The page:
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Dorje Legpa (Skt: Vajrasadhu) whose name means "Excellent or Accomplished Vajra" is held to be one of the highest ranking "oath-bound" guardian deities (Skt: Dharmapala) by the Nyingma "old" sect of Tibetan Buddhism (De Nebesky-Wojokowitz, 154). His chief officer and emanation Garba Nagpo, "The Black-Hued Blacksmith," is an equally important protective deity who appears in a number of paintings in the Rezk collection. By coincidence, the largest and smallest thangkas included in the present exhibition represent respectively, Dorje Legpa and Garba Nagpo. The varying sizes of these works is not indicative of their relative status but rather of differing functions within the ritual and devotional activities of Tibetan Buddhism. Despite its size when compared to other paintings in the exhibition, the painting of Dorje Legpa is actually not that unusual for images of protective deities. Large hanging tankas such as this are often displayed inside a special room of a monastery called the mGon khang "hall of the protectors" or are used to line the inner walls of prayer halls. In contrast, the smaller painting of Garba Nagpo was probably created as an item of personal devotion carried by hand or placed in a private shrine. Compared to the rather folkish style of the large painting, the smaller painting with its finely detailed miniature surface is perhaps the most elegantly painted image in the present exhibition.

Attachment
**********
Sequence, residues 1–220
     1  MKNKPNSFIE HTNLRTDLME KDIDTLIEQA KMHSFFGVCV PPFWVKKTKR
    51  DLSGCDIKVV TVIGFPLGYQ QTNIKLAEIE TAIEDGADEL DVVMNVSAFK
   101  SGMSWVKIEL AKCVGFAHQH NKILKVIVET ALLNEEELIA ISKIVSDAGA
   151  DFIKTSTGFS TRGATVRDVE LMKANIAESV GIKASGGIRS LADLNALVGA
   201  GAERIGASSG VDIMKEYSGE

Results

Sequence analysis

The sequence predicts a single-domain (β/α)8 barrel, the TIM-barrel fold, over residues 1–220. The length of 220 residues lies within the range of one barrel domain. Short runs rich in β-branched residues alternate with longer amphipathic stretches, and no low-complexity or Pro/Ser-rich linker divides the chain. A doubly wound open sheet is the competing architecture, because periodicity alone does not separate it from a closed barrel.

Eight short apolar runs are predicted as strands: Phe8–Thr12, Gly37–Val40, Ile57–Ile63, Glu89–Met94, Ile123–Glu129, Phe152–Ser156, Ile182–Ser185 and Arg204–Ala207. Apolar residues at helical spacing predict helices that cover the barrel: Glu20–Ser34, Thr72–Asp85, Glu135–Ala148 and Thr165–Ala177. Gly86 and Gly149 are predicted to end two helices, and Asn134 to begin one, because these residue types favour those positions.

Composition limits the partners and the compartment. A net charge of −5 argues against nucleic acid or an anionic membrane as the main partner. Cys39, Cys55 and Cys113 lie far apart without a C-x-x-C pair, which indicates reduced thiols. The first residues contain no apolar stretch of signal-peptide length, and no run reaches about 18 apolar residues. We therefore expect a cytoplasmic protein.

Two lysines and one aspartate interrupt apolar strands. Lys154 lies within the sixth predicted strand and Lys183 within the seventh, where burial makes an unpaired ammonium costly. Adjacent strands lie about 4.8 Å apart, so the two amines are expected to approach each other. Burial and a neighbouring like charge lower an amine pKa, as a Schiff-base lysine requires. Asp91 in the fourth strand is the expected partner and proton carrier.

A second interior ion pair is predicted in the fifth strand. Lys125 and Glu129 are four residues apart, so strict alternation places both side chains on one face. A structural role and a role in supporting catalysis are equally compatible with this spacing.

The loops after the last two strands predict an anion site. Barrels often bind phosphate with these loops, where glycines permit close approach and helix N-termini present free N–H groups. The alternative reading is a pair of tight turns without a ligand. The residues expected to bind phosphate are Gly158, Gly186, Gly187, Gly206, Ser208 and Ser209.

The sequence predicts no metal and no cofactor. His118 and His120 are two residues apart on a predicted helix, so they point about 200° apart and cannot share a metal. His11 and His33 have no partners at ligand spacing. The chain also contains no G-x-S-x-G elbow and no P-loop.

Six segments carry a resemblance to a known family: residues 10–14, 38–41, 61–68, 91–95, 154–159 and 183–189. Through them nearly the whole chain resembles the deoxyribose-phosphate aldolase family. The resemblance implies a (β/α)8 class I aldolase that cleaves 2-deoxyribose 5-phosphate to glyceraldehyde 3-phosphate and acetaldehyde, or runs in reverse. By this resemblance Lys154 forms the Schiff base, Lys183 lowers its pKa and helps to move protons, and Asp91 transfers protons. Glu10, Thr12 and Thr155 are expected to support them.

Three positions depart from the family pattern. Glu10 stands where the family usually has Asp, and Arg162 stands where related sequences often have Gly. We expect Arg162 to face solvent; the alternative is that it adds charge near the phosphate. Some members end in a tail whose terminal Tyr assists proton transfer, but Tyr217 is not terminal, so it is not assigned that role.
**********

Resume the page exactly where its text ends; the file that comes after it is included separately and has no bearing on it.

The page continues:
Dorje Legpa is one of the native deities subdued by Padmasambhava and bound by oath to serve the Buddhist cause. Like other protective deities he has a variety of forms and is sometimes indistinguishable from his chief officer Garba Nagpo. According to the Nyingma tradition, he is one of four treasure guardians and resides in the South where he guards over the yellow treasure of gold (De Nebesky-Wojokowitz, 154) and appears at times as a guide to help others find hidden dharma teachings (T: gter ma). His abode is described in a manner similar to that depicted in this large thangka with a storm brewing behind a circle of desolate black mountains where a number of wild horses, yaks, and goats wandering about the desolate setting. Dorje Legpa is accompanied by seven fierce looking blue figures who are shown wildly flaying their limbs and dismembering corpses. These gruesome little figures probably represent nine brothers (T: Ma sangs spun dgu) who are part of Dorje Legpa's large retinue which also includes three hundred and sixty of his own brothers. Dorje Legpa's mount is a billy-goat with crossed horns that stares out directly at the viewer. This is an actual kind of goat native to Tibet called a Dam Chen Ra "Oath-bound Goat" which is sometimes stuffed and placed at the entrance to the halls of protectors (Lipton, 194). The vajra (T: rDo rJe) he holds above his head in his right hand is said to be made of meteoric iron and in his left hand he holds a string of prayer beads (Skt: mala, T: 'phreng wa) made of miniature skulls. Directly above Dorje Legpa is a small seated image of Padmasambhava. To Padmasambhava's sides are four unidentified monks in yellow hats.